Product Review: Whatusersdo :: UXmatters

Conducting Test Sessions

You can either launch a usability-test session immediately or schedule it to begin at a particular time. It is clear that, at least in part, the design thinking behind whatusersdo is to help embed usability testing into a company’s culture, and this is a laudable goal. In my experience, the length of time it takes to run usability tests varies, but the time it takes to conduct ten test sessions is typically on the order of 24–48 hours. For my study, each test-session video was around 20 minutes long.

Reviewing Session Videos

If you’ve never reviewed the videos for remote usability–test sessions, here’s a taste of what to expect. Some of the reviewers were absolute stars, really going the extra mile to give detailed feedback on the user journey. A few reviewers—thankfully in the absolute minority—were less helpful and failed to follow the instructions.

However, the positive is that it’s possible to give feedback on reviewers and, if they fail to follow your instructions, you can redo the test with a different reviewer. It’s also possible to reject reviews for other reasons—such as poor audio quality—but fortunately, I’ve not had to do that. It’s worth noting that, given the detailed instructions I occasionally needed to provide, my rejection rate of reviewers was possibly higher than the average! When I’ve needed to redo sessions, the replacement reviewers have become available very quickly, and I’ve never had a problem with a replacement reviewer.

The biggest problem I’ve had when reviewing test-session videos has been my frustration with users. As a UX designer, it can feel heretical to say this, but sometimes users do dumb things. When you’ve spent several hours reviewing user interactions, listening to comments, and—most frustrating of all—listening to participants read out screen copy and instructions, you can get a little jaded, so it’s best to pace yourself. As you watch videos, you can timestamp the start and end of interesting interactions and make annotations.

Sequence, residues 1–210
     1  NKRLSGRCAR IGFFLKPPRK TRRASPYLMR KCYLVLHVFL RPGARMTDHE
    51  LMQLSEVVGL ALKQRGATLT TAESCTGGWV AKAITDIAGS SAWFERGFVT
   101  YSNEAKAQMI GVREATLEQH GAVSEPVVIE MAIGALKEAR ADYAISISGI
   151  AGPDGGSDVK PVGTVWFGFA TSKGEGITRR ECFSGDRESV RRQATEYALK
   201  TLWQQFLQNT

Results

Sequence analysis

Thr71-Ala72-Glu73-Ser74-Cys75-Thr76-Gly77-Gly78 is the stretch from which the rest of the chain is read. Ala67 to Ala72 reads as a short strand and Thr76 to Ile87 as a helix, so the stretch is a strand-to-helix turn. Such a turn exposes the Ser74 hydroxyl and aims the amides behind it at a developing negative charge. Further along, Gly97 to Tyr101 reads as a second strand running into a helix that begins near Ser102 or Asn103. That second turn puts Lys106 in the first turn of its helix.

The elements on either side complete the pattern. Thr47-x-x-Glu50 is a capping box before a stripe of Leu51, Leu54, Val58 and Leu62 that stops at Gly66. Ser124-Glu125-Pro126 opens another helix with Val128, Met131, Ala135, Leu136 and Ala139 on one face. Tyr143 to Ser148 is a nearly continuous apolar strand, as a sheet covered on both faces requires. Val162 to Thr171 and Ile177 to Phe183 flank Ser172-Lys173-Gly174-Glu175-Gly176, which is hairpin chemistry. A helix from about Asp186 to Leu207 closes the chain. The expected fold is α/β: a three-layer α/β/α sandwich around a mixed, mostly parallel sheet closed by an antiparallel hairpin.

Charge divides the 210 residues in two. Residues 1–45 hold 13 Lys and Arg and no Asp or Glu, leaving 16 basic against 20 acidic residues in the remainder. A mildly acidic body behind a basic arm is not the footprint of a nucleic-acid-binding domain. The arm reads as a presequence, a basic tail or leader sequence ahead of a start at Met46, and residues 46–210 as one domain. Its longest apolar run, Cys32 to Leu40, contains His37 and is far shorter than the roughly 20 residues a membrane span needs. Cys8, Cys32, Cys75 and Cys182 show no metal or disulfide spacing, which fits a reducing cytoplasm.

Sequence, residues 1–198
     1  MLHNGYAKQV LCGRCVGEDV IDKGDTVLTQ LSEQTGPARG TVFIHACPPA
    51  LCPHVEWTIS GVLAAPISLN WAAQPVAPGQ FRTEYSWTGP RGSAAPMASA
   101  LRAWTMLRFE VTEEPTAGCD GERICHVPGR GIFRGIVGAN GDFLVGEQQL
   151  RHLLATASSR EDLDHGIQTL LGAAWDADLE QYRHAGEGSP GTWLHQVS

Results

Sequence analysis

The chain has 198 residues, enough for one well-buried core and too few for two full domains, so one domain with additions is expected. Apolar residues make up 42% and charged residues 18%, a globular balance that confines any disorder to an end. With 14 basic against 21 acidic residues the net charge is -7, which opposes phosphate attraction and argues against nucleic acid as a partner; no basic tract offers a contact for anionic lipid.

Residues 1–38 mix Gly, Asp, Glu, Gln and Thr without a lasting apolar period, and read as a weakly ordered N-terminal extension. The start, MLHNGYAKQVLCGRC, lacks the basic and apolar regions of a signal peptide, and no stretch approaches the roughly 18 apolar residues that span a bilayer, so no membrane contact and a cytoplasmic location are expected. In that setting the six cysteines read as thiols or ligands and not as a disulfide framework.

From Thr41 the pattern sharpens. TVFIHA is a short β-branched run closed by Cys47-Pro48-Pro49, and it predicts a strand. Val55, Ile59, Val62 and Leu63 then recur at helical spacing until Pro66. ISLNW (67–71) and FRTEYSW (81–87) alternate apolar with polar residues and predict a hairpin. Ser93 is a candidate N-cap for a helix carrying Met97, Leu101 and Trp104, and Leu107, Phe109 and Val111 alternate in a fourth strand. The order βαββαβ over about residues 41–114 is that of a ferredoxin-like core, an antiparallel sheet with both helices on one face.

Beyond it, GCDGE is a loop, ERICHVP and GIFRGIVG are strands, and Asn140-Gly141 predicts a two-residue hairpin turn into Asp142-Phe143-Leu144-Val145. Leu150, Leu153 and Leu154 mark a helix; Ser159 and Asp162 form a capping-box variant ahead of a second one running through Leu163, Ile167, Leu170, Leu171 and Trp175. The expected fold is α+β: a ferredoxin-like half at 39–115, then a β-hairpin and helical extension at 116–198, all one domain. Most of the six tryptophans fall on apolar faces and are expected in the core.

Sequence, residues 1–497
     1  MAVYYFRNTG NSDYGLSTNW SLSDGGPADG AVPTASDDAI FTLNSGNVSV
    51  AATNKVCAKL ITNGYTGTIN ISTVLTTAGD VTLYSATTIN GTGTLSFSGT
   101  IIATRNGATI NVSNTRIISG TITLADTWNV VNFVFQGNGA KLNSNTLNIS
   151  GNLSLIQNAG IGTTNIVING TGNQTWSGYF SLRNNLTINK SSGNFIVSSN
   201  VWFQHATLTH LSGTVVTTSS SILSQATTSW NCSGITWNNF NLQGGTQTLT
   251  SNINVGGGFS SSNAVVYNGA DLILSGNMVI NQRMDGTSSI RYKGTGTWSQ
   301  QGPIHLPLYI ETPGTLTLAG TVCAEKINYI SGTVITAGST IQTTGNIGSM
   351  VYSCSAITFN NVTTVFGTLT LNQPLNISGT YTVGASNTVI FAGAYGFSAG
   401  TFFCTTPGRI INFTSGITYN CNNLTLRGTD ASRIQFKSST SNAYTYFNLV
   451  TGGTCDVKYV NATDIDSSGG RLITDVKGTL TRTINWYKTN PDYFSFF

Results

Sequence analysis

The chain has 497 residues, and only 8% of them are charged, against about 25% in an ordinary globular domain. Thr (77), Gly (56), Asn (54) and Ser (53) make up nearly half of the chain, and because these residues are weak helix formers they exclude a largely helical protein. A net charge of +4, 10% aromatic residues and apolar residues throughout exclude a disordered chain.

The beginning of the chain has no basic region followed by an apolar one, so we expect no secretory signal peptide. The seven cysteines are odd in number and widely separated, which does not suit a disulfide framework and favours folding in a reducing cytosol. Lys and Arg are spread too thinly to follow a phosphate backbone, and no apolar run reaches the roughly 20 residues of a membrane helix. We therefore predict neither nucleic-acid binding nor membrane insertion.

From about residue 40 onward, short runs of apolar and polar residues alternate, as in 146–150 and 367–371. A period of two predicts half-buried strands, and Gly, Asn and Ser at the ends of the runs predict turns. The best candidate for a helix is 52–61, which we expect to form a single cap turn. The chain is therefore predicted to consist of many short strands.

Feedback on Whatusersdo

It’s clear that the service is designed more for non-specialists than for UX professionals. While it is possible to export the raw data for a set of usability tests, this capability is a little bit hidden, in favor of a PDF report in a more traditional format. A recent change to the service is its prioritization of charts that show task-completion rates, time on task, and perceived ease of use over your being able to get straight into the data. While I appreciate the value this would provide to a non-specialist, as someone who wants to get down and dirty with the data, this is a small barrier. That said, I do approve of the design thinking behind it: to prioritize design decisions in favor of the non-specialist rather than the specialist!

Whatusersdo have been pretty good about both requesting and listening to my feedback. Each customer has an account manager who responds to requests. Mine invited me to provide direct feedback via a Skype call, during which I raised several points, and they acted on them very shortly afterward. While this may have been a happy coincidence, being listened to still gave me a sense of satisfaction, so I’m one happy customer!

Whatusersdo is not a perfect tool. It would be great to have the ability to pick a particular social group rather than ABC1 or C2DE. I’d really like to be able to speed up the playback of videos, while still being able to listen to the audio. I think this would let me process the reviewers feedback much more quickly—listening just for verbal feedback and skipping the instructions. However, I’ve been very favorably impressed with whatusersdo. It provides a cost-effective, reliable approach to getting detailed user feedback. 

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